Card access systems allow administrators to track the usage of individual employees to determine what doors they’ve been using and when, which is especially helpful when needing to determine those who may have been in the proximity of a conflict. Administrators can also easily deactivate an employee’s access whether or not they’ve turned over their card/fob, a helpful ability in the event of the departure of a disgruntled employee. In an extreme scenario, administrators can even initiate a lockdown on all doors in the event of an active shooter or other incident to silo the problem into a specific area and prevent its spread.

illustrated business with security iconsSynergizing business security systems

Of course, card access systems come with their own limitations. Burglars may choose to break a window versus trying to thwart a magnetically-locked door. Well-intentioned employees may hold the door open for guests, granting access to unidentified visitors. These gaps, however, are covered by the strengths of both intrusion alarm (detection and signaling) and video surveillance systems (visual identification). While “burglar” alarm systems tend to snare the lion’s share of attention from prospective business owners, a comprehensive business security system is actually a combination of multiple systems, utilizing the benefits of intrusion alarm, video surveillance, and card access systems to create a well-balanced solution whose individual parts synergize into a powerful protective apparatus.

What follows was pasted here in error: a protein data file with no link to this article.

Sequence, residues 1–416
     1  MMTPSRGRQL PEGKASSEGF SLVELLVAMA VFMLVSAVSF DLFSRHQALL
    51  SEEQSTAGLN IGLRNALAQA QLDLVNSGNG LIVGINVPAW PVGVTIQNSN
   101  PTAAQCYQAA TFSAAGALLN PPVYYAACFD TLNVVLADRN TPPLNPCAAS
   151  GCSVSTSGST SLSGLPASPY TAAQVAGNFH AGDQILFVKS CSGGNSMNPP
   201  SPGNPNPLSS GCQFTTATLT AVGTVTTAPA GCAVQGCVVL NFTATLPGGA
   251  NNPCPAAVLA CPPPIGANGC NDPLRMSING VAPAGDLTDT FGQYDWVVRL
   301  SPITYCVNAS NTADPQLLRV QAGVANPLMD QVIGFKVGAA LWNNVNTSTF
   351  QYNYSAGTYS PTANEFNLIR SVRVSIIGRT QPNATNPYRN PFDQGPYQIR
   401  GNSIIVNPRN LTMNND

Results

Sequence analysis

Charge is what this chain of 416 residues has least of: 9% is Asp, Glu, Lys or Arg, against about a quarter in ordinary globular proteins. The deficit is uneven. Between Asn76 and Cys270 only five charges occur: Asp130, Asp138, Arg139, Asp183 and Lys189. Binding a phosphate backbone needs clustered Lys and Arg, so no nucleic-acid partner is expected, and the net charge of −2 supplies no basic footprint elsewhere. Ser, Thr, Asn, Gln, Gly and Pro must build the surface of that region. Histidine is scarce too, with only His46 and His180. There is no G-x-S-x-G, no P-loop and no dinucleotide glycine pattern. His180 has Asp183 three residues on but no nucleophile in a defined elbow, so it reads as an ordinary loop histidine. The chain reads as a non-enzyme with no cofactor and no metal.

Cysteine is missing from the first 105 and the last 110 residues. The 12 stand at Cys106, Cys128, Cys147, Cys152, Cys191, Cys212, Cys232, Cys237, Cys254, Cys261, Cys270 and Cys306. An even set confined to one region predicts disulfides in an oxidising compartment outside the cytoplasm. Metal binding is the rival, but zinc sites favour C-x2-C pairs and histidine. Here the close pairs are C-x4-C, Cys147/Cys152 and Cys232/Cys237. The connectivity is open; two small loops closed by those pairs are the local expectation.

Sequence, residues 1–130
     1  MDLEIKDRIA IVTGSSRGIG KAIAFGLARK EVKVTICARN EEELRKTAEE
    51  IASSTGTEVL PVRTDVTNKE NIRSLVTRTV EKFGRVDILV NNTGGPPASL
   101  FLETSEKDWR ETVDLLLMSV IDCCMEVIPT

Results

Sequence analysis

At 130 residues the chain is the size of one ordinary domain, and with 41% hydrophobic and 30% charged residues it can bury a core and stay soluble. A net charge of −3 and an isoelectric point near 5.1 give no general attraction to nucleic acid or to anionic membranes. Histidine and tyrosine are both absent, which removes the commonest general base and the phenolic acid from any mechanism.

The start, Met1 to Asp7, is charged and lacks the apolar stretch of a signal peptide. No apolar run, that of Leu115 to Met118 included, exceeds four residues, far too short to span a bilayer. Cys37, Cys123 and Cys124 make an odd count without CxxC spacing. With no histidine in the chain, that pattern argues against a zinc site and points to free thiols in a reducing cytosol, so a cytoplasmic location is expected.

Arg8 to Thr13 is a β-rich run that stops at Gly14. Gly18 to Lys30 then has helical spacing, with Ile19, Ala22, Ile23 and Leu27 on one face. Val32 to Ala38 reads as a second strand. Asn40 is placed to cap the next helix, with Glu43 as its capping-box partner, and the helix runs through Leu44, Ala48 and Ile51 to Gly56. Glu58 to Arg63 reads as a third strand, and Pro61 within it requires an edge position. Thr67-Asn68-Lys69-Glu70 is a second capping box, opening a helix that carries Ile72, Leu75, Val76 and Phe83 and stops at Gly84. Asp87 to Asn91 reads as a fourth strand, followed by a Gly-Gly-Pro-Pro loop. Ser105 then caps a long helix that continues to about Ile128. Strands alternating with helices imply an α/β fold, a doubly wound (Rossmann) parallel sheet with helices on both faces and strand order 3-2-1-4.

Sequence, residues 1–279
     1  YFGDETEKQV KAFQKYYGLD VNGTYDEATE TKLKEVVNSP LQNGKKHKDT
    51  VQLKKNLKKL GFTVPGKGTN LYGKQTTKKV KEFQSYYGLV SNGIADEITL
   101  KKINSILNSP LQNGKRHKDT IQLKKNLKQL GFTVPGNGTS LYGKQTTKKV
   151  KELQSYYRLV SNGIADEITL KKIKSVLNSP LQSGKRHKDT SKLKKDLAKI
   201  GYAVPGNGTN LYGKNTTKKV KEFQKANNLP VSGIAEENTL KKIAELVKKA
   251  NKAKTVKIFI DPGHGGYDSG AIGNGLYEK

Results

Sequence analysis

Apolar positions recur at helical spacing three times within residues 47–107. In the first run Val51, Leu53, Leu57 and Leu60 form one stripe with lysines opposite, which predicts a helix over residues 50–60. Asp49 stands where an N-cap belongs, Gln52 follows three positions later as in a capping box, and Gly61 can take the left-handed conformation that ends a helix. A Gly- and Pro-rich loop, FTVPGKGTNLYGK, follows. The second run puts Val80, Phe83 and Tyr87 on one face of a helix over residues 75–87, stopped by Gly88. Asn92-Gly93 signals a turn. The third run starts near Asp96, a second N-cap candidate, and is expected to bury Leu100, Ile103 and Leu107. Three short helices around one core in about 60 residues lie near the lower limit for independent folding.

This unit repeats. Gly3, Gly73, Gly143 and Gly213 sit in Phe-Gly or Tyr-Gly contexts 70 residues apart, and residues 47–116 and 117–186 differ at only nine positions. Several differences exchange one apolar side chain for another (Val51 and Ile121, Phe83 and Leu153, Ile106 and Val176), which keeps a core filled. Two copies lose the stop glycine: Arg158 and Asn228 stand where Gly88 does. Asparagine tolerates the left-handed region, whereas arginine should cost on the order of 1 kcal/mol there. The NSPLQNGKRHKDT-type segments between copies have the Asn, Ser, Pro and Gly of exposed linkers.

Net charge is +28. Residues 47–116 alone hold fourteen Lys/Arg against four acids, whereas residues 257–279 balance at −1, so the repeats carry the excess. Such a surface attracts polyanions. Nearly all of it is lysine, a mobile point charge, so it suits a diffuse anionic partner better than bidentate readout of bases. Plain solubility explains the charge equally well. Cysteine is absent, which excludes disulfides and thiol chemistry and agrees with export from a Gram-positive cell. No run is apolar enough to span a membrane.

Some security providers excel at one or two discipline of security systems. At EPS Security, we pride ourselves in our expertise across the board. For more than 65 years, we’ve built intrusion, video, and card access systems in businesses ranging from Mom-and-Pop operations to complex facilities with multiple buildings and very specific vulnerabilities. (We’re also experts in life-saving fire alarm/voice evac systems, too.) We work with our customers to build the custom security solution that addresses their unique needs and provide the professional monitoring required of every complete security package.

When it comes to securing your business, “good enough” isn’t good enough. If you’re looking at starting your business’s security from scratch or realize your current solution needs a buff, consider EPS Security and discover the peace of mind a truly comprehensive solution can bring.

The EPS Advantage in business security